Throughout an employee’s time at a company, they are likely creating accounts in many different apps, possibly even without company permission, and accessing a ton of sensitive data. This means that, without proper access management and offboarding protocol, it’s almost impossible for IT teams to close up all holes in security that arise when an employee leaves and these accounts remain open and unused.

Research shows that less than 35% of companies have partially automated offboarding processes and less than 10% have full automated offboarding processes. When a company does not have an automated offboarding process, chances for human errors and missed steps increase dramatically. Ultimately, an incomplete employee offboard process leaves security gaps and likely even costs the company money when unused app accounts continue to charge the company for use.

Offboarding Best Practices

Like onboarding, there are many employee offboarding best practices for IT teams. Here are a few:

• Track company-owned property: keep an updated list of physical, company-owned tech items that each employee has. This could include laptops, key cards, headphones, cell phones, or other tech products. An updated list of physical items held by each employee will help be sure every item is returned when the time comes.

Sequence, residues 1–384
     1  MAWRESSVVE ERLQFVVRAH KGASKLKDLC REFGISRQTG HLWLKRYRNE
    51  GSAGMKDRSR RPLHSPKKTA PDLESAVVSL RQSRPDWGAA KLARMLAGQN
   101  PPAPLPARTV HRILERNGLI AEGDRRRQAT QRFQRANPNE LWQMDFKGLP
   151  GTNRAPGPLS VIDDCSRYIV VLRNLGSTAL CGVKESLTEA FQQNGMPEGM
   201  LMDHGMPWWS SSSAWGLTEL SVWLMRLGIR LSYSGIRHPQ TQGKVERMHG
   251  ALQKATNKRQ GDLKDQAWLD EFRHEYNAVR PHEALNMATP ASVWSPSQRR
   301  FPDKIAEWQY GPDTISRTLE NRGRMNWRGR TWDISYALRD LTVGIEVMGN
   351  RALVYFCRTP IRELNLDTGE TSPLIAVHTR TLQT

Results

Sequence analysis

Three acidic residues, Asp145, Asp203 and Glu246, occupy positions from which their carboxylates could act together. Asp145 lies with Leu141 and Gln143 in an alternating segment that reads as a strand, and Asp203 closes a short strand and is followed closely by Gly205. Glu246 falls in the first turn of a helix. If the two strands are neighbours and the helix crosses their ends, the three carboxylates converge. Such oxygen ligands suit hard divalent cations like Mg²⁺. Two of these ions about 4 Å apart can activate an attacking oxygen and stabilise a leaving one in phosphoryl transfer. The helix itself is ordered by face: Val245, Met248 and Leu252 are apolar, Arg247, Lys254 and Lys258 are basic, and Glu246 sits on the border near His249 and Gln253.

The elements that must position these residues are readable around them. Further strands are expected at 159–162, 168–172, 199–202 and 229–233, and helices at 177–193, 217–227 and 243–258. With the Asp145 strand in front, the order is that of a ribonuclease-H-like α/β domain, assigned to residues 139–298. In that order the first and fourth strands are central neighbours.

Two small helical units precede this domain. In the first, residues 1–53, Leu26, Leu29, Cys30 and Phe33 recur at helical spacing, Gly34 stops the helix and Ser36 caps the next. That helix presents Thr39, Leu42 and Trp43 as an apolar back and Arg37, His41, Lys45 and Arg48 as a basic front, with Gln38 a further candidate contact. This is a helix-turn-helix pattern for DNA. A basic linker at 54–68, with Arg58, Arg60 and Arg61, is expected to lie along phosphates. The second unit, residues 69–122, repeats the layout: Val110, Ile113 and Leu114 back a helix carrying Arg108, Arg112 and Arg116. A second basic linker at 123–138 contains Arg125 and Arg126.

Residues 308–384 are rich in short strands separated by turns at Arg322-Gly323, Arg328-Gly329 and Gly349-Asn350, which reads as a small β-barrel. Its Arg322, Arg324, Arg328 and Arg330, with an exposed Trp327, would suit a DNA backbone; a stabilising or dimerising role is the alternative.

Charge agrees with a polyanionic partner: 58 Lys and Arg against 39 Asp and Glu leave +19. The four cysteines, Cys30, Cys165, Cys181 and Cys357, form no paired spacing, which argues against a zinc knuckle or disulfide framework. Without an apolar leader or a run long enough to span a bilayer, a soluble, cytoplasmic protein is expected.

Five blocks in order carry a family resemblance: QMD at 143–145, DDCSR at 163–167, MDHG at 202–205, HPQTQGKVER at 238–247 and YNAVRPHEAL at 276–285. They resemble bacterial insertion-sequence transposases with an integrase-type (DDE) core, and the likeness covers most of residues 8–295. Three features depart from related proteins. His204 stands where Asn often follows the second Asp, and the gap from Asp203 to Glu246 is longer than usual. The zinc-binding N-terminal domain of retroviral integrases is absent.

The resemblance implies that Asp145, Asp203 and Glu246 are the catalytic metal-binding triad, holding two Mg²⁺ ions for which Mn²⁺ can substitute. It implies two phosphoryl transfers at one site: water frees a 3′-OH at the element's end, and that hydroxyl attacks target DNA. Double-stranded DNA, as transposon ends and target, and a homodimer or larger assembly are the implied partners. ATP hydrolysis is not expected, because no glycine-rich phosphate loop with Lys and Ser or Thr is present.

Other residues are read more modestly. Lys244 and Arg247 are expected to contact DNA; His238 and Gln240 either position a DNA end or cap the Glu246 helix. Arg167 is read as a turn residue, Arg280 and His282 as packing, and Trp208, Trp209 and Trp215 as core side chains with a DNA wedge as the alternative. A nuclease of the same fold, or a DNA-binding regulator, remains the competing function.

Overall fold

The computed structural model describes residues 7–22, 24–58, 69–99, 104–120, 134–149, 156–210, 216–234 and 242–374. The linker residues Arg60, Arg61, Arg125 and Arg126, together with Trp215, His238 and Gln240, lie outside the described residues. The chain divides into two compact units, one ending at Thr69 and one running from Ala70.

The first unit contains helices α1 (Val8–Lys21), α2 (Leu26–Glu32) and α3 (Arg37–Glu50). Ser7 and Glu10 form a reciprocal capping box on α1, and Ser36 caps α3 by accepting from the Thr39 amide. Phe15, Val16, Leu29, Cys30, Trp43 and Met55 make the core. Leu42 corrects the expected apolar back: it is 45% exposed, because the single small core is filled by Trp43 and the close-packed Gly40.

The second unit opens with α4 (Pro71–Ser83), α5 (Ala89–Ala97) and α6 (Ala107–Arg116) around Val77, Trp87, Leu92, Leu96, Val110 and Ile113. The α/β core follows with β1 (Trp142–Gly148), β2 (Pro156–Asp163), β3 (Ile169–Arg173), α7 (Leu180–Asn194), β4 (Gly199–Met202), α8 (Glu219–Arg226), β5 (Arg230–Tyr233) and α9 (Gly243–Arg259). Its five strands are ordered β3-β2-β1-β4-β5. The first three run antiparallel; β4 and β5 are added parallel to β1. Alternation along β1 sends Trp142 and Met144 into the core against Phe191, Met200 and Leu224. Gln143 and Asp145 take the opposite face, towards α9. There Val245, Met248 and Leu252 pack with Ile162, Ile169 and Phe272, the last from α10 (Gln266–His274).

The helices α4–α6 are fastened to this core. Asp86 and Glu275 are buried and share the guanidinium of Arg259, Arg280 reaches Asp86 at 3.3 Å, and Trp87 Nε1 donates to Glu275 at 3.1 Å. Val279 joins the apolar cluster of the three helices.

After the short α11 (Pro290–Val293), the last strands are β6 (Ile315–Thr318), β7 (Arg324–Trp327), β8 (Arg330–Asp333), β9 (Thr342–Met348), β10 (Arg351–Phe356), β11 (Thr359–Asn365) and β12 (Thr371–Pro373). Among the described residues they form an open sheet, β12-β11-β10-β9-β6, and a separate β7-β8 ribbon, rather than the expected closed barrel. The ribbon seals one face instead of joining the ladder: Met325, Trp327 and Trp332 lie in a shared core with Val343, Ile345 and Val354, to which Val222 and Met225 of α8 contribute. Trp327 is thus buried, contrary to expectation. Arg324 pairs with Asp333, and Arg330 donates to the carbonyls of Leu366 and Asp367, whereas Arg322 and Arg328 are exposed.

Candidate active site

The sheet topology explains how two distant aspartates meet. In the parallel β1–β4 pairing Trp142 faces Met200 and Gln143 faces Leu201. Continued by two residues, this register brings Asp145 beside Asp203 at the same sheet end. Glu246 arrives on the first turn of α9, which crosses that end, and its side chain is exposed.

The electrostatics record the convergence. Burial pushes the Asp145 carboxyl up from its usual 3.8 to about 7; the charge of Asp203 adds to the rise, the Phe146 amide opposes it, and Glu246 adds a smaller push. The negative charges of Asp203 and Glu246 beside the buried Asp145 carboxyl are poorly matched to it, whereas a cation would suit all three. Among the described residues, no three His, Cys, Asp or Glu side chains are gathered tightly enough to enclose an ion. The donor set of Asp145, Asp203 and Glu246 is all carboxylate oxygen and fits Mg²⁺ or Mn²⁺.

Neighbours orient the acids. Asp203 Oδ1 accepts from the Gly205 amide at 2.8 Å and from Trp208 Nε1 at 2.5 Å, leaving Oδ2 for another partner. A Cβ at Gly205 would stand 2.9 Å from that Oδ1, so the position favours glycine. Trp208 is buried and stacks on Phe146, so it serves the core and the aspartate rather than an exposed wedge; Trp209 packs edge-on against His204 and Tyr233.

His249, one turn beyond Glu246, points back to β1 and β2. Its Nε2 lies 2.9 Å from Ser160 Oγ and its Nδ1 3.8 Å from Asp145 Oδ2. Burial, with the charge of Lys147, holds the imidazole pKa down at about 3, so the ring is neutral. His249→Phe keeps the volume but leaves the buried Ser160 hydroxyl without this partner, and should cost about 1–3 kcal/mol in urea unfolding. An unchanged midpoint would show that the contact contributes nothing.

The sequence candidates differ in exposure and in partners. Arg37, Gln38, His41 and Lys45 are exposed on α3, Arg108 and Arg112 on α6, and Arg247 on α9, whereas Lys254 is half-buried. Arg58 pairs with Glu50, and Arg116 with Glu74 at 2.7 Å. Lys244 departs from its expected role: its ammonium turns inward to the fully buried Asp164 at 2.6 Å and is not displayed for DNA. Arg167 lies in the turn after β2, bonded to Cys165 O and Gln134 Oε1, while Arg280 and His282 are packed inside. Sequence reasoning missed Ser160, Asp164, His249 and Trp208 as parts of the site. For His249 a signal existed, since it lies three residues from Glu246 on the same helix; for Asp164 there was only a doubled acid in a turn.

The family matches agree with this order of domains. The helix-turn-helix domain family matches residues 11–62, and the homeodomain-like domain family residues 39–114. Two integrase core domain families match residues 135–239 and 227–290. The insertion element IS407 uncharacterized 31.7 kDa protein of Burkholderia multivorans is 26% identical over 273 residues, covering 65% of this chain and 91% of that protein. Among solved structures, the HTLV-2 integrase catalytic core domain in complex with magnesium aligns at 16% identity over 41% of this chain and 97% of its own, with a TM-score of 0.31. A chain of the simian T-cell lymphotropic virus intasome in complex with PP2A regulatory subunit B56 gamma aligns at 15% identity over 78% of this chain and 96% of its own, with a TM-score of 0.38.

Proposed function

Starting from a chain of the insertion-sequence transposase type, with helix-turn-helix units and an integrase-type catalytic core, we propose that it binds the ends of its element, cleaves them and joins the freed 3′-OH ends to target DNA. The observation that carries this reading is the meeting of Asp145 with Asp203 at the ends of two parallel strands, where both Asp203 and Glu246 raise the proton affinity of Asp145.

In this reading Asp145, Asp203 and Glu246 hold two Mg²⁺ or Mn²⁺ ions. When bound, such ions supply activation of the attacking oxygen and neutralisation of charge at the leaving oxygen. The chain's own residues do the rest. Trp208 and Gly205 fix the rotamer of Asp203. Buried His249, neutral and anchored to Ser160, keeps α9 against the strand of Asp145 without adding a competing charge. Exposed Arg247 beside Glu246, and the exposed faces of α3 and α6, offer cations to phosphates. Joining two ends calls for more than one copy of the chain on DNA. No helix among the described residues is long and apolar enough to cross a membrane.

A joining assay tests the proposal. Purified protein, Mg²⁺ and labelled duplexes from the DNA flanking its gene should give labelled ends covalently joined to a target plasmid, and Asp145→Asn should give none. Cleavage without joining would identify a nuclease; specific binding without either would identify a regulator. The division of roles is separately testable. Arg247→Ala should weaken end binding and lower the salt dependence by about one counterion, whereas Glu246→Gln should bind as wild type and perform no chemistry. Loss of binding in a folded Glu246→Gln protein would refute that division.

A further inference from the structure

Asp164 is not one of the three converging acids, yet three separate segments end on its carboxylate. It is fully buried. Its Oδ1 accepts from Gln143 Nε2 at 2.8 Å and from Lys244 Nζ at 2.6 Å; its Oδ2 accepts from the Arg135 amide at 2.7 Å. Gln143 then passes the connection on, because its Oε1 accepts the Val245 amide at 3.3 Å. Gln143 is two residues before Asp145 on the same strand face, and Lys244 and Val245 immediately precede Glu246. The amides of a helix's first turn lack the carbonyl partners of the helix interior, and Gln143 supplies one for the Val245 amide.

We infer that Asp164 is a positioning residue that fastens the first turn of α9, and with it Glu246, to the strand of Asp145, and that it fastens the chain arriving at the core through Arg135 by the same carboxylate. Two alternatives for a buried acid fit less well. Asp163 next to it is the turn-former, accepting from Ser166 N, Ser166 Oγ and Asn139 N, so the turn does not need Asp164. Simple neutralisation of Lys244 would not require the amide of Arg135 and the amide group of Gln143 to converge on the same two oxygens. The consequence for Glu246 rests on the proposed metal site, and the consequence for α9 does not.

• Stick to a process: just like each time you onboard an employee, you should have a repeatable process for offboarding. Keeping a well-documented offboarding plan available to anyone involved in the process will help make sure that every step is achieved every single time.

• Automate your process: as mentioned above, offboarding an employee manually leaves room for human error and other security gaps, even with the well-documented plan listed above. And not only is security at risk with manual onboarding, it will also take precious time and energy from the IT team members who already have a lot on their plate. Luckily, there are tools available to help you automate this process. For example, Lumos helps companies streamline offboarding and reduce risk by automatically removing user access to the company’s tech stack with one click.